Sunday, August 4, 2013

Sacred Grove

My 20-year anniversary missionary posts are shot to heck. There's really only a couple months left in which to do any. My spiritual life has moved into a different channel. I would like to do one or two more posts in that series, though.

Today, though, I want to talk about a visit I made last month to the Sacred Grove. My husband and I spent the Fourth of July week in Cleveland, partly so I could make a presentation to the Community of Christ interns at the Kirtland Temple visitors center. While we were in the vicinity, we took a day trip out to Palmyra, something we've been talking about for years, even since we came back east so I could return to grad school. I haven't been to Palmyra since I was a toddler.

The weather was wretched, although in a way I guess that was a blessing because it meant I basically had the Sacred Grove to myself. No one else wanted to be out there in the pouring rain.

I appreciate how the grove is being managed: limited, low-key interpretative apparatus, a wonderfully extensive trail system so that even if there were lots of visitors, I imagine you could achieve some privacy.

I walked back for a good long ways until I found a spot that felt right for no particular reason, and then I paced for a while talking out loud to God. I had this feeling of having arrived at the place of origin, a place where the Presence is specially concentrated. I didn't have Eliade on the brain at that particular moment, but yes, we're talking hierophany here.

But I was also aware that I was standing in a mythic place of origin. This is the place where the story begins--and yet it's not. That paradox is true in a couple of different senses.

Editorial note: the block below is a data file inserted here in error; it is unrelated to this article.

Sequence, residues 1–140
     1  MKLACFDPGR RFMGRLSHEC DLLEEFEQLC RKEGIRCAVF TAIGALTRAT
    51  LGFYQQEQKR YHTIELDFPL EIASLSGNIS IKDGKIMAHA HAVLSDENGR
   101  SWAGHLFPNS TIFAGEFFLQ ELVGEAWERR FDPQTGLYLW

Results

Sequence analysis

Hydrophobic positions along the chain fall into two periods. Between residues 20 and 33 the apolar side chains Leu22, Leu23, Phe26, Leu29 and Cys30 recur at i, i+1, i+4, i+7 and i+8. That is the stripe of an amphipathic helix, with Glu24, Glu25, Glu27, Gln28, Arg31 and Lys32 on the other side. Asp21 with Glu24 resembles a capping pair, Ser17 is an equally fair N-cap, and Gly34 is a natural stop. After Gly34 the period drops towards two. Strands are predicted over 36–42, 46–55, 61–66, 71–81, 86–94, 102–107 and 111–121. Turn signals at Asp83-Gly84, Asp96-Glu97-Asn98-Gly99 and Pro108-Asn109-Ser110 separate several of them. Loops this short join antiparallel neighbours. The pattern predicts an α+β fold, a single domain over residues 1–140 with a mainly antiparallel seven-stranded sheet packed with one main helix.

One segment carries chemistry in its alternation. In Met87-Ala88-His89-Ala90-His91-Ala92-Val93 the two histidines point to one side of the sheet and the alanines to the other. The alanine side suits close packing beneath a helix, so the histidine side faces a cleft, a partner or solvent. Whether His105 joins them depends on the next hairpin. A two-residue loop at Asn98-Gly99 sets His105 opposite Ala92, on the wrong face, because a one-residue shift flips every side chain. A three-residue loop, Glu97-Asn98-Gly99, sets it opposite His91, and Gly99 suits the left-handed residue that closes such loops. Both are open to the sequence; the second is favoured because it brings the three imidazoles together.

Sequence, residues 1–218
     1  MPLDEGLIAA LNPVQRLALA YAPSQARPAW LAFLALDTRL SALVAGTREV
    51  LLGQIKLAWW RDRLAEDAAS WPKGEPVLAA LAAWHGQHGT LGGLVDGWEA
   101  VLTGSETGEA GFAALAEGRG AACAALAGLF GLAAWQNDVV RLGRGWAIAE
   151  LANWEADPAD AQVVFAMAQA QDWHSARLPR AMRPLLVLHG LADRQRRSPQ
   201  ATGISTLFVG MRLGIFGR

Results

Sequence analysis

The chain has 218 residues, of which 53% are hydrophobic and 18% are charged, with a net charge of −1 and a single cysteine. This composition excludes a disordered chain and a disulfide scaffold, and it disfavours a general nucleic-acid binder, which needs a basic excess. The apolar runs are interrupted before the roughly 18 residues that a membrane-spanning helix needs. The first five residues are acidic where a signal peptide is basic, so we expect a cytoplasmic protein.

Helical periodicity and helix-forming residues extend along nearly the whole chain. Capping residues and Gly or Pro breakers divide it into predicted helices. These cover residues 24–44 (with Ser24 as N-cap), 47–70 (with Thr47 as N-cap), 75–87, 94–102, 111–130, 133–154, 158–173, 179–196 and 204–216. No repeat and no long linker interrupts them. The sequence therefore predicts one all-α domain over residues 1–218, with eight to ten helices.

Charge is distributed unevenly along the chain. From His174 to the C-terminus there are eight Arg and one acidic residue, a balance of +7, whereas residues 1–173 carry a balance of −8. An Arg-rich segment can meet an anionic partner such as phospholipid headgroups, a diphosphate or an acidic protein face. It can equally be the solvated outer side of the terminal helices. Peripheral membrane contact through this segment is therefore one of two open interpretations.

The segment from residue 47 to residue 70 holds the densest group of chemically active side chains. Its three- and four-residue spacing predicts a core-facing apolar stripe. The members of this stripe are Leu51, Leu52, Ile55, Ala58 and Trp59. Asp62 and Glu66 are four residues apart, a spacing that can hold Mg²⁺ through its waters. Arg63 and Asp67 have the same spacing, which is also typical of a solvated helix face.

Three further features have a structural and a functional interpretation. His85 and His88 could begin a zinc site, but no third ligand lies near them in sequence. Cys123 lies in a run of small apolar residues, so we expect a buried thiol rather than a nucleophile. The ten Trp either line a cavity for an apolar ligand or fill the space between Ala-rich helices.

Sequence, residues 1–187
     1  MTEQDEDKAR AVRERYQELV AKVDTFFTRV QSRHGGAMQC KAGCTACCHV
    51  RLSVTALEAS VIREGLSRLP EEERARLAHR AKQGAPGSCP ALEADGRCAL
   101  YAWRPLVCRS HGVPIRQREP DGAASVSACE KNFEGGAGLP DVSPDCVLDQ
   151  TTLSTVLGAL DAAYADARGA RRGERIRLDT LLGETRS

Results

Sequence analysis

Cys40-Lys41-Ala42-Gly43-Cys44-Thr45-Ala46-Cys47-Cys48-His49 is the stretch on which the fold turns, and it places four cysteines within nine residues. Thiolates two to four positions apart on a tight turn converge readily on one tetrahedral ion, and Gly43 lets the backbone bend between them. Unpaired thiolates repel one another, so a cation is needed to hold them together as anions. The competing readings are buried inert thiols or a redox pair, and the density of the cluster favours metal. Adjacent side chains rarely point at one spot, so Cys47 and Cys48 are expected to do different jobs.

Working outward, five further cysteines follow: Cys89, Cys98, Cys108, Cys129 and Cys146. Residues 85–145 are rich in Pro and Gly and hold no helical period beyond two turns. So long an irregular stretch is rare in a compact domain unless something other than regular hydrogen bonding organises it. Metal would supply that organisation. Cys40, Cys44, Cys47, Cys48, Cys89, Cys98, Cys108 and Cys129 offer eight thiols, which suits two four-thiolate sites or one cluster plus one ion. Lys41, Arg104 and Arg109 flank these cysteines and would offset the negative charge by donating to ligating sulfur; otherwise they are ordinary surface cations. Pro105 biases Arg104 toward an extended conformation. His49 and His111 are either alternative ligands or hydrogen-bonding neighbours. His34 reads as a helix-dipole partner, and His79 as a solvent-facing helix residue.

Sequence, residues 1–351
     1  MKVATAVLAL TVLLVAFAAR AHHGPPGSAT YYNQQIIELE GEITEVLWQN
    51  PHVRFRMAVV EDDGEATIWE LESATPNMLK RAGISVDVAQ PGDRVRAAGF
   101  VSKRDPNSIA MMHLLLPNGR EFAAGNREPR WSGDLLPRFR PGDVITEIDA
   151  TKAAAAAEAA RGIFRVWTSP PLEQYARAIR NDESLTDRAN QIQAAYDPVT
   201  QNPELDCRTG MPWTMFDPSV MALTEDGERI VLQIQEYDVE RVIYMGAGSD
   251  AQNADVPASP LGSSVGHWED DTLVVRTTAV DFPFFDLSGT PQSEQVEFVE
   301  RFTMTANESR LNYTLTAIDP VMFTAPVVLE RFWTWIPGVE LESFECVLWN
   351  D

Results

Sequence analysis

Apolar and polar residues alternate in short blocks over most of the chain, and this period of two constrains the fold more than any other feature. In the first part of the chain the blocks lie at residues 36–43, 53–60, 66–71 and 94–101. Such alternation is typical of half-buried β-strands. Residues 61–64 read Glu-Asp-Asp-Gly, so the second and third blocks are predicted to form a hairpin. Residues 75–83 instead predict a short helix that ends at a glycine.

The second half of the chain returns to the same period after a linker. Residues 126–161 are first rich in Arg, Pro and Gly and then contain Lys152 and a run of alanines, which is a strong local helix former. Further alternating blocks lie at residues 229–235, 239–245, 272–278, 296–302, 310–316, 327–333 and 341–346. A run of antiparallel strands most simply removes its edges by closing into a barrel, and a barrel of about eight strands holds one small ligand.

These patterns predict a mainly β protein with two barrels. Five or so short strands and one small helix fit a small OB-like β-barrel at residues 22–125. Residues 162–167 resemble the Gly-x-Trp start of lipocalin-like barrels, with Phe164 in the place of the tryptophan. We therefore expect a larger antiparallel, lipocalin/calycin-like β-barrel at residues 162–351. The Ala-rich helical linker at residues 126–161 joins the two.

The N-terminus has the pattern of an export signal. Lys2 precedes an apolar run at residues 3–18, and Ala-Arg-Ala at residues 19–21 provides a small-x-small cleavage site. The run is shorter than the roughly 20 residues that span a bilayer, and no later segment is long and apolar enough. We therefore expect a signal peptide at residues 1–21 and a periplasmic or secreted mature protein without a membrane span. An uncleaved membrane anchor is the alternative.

One: It's not really the place of origin because the story we tell about this place of origin probably didn't happen the way we tell it. Anyone who saw or heard the "Diagnosing the Seer" session I did at Salt Lake Sunstone last year, with Mark Thomas and Dan Vogel, on the historicity of the 1838 First Vision account knows that I voted gray or black on all the propositions we discussed. But that doesn't stop me from wanting to make my pilgrimage to this place. It doesn't stop me from experiencing the heightened Presence.

Two: It's not really the place of origin because even if the story were strictly historical, the site has changed since the 1820s. This is the insight that struck me during my trip last month, as I was pacing, looking up through the trees, getting drenched in the rain. My understanding is that site that is preserved as the "Sacred Grove" encompasses more than the original Smith property, ergo more than the original grove. Whether I'm understanding that correctly or not, the fact remains that the site I'm seeing now is not the site Joseph Smith prayed in. They're not the same trees. These trails weren't here. Who knows how else the landscape has been altered.

So it's the Sacred Grove, but the Sacred Grove has changed. It's not what it was in 1820. It has evolved into something different. But we still call it the Sacred Grove.

When that thought came to me in the grove, I also thought: That's an apt metaphor for my own Mormon identity. It has evolved into something different from what it was. But it's still Mormon.